Technology applies to absolutely everything: we have already discussed how e-commerce and the Internet have grown within our industry. Let's now see what are the main challenges in pet food manufacturing that technology can help us overcome.

In recent years, dog and cat food markets have been ranked the most dynamic worldwide, with a global average annual growth of more than 5%. Even in 2020, with the production and logistics problems presented by the pandemic, the market kept growing. A recent report by Grandview Research states that the global pet snacks and supplements market alone was valued at $1.47 billion in 2020, with the CAGR currently expected to be 5.9% through 2028.

All these trend factors indirectly promote the technology use improvement in the sector since it allows us to improve, streamline and perfect food production processes.

Current technological challenges in the pet food industry


Automation in pet food processing is no longer an option; we need speed and agility in manufacturing. We need processors that get better at running; this way, we can expand quickly and efficiently. The biggest challenge is, perhaps, full-scope automation, not automation of different instances individually; beyond achieving automated machinery, the problem lies in creating automation that goes from the arrival of raw material to the distribution point.

Humidity content

Pet food can be distinguished based on its water content and stability over time. For instance, dry or canned food has a longer shelf life due to its water content and pasteurization process. From a technological point of view, the main challenge is to ensure the correct storage of products with a higher amount of moisture for longer periods without losing their quality and palatability.

Fat content

In this case, technology is already answering how to achieve a higher fat content in food. With technological innovation applied to extrusion, be it simple, coating, or vacuum infusion, we can produce products with higher fat content.

Products with two structures

Another technological innovation seeks to facilitate the product's gelatinization process. To this day, that takes place by steam treating the products before the extrusion stage (known as the co-extrusion process). This format allows the manufacture of products with two structures, one of them as a coating to increase its long-term stability.

Glycemic response modulation

Thanks to the technological machinery evolution used in the extrusion process, it is possible to modulate the glycemic response of animals to the food they consume. With what? Other sources of starch, such as sorghum, which are less digestible than traditional starch sources (such as rice or corn), allow the manufacture of better pet food.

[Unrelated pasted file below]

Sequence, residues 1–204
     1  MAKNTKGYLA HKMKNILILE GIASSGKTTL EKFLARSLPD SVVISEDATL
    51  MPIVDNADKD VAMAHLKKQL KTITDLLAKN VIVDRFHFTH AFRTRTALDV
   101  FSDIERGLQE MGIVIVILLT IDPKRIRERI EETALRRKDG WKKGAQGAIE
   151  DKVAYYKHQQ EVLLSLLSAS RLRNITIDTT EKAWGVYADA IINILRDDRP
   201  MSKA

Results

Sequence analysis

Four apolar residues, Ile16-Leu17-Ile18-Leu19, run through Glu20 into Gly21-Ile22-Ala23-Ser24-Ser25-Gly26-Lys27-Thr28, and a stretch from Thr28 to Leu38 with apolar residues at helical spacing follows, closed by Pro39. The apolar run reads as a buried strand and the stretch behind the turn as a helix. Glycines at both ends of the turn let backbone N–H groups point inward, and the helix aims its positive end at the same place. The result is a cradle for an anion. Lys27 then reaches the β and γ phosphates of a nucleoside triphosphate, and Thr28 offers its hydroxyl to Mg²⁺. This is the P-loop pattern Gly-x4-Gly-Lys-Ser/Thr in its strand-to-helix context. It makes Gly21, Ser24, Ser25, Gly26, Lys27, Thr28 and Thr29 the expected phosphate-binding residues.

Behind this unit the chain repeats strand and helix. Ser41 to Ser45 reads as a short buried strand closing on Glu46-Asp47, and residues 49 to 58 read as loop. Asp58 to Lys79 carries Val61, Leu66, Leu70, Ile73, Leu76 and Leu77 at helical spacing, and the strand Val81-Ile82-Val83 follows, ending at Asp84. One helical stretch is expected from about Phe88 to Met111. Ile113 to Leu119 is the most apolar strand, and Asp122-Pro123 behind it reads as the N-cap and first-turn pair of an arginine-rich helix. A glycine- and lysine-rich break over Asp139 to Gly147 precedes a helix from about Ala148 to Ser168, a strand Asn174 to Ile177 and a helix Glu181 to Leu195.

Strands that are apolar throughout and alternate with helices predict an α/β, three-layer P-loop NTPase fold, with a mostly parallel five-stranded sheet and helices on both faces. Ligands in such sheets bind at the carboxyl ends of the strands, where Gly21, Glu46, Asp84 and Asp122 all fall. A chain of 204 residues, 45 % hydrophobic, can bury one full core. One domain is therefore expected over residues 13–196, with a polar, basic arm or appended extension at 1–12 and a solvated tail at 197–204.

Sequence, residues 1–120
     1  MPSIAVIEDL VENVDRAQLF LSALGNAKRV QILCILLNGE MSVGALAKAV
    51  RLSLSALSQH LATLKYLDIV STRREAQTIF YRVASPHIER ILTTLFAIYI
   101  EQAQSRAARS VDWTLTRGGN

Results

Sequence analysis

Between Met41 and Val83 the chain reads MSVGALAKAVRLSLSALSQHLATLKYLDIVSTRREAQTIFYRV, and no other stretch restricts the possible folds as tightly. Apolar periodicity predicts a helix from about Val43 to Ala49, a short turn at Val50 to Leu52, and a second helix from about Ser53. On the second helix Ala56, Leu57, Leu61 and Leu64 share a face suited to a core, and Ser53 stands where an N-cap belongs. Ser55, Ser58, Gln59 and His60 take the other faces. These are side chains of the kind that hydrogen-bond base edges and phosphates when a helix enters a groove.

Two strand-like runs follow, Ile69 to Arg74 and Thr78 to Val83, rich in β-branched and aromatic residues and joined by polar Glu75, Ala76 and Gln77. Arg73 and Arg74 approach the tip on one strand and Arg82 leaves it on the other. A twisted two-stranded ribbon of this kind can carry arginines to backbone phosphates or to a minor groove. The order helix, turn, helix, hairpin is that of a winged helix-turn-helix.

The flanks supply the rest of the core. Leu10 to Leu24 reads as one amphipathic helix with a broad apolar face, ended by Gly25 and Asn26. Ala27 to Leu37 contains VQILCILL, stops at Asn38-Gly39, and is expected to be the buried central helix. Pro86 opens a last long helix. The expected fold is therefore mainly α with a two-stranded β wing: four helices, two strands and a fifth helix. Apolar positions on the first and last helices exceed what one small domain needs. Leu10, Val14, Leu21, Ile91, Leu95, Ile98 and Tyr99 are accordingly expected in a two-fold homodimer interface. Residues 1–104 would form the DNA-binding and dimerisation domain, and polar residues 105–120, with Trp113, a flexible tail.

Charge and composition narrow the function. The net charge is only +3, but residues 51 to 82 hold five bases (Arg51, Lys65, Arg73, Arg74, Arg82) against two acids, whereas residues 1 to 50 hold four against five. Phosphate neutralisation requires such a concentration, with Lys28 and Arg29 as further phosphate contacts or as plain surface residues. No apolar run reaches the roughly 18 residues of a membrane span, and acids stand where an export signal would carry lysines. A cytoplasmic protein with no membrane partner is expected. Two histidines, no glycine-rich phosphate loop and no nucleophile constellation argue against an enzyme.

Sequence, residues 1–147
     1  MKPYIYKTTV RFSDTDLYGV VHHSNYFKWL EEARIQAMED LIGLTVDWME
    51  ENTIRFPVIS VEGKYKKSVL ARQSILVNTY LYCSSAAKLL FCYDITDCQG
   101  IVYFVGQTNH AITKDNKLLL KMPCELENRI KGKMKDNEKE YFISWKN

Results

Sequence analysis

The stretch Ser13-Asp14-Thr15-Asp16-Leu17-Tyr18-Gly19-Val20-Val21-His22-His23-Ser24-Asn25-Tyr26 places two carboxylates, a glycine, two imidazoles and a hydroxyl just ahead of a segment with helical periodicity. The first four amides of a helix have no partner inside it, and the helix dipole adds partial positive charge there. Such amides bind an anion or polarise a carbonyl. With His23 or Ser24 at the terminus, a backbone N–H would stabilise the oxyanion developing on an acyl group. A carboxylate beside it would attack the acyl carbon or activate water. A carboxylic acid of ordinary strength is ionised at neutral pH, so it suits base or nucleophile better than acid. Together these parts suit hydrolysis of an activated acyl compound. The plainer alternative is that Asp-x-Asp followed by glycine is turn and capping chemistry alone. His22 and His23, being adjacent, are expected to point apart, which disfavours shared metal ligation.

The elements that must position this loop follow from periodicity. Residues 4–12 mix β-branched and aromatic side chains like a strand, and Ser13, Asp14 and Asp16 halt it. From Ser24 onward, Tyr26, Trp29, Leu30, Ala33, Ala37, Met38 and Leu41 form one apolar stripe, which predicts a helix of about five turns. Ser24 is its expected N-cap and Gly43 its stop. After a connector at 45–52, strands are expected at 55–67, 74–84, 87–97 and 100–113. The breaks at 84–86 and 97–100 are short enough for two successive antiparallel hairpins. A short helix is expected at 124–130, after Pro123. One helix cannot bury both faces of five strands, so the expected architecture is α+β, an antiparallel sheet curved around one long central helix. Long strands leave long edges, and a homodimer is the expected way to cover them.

In the extrusion process (especially in the drying phase), the challenge is to improve the quality control operation. Water content values above the recommended level make food more vulnerable to microbiological instability. That is why we need precise and detailed quality control systems to achieve the correct quality; this will also allow a homogeneous effect on the product structure and the batches manufactured.

Innovative technological solutions

Deville Technologies presented a solution in 2021 to improve the automation of the pet food production process. The company has developed (after years of testing with rabbit muscles, beef liver, salmon fillets, and duck hearts) a dicing machine that meets the industry's needs. The FAM CMD.2 Dicer is designed with minimal cutting tools and complete separation between zones. It also features higher durability to handle a variety of product temperatures while producing at high capacities, eliminating process steps and increasing your competitiveness. In addition, the equipment has a built-in metal detector to ensure that there are no foreign objects within the workflow.

For its part, Key Technology designed a sorting solution for pet food processors. They developed VERYX®, a digital grading platform specifically to identify and remove foreign material and product defects. The platform seeks to eliminate cross-contamination, improve product quality and safety, and reduce labor. It works with various formats and products such as croquettes, chews, dry, dehydrated, or freeze-dried sweets. It can work at the end of the production line to ensure the quality of the final product or near the reception of crude oil to inspect the products' ingredients. It can detect color, size, shape, and structural properties, with the ability to remove defective products or materials such as plastics, glass, paper, and other foreign objects.

These are the main challenges facing technology implementation in the pet food industry. The examples are only two launches from 2021, but we are sure that, in 2022, many more will come from the hand of large technology companies seeking to improve the production process and the final product that we offer to the pet food market.

Would you tell us what technology is most urgent for the pet food production process for you?


Source: All Pet Food

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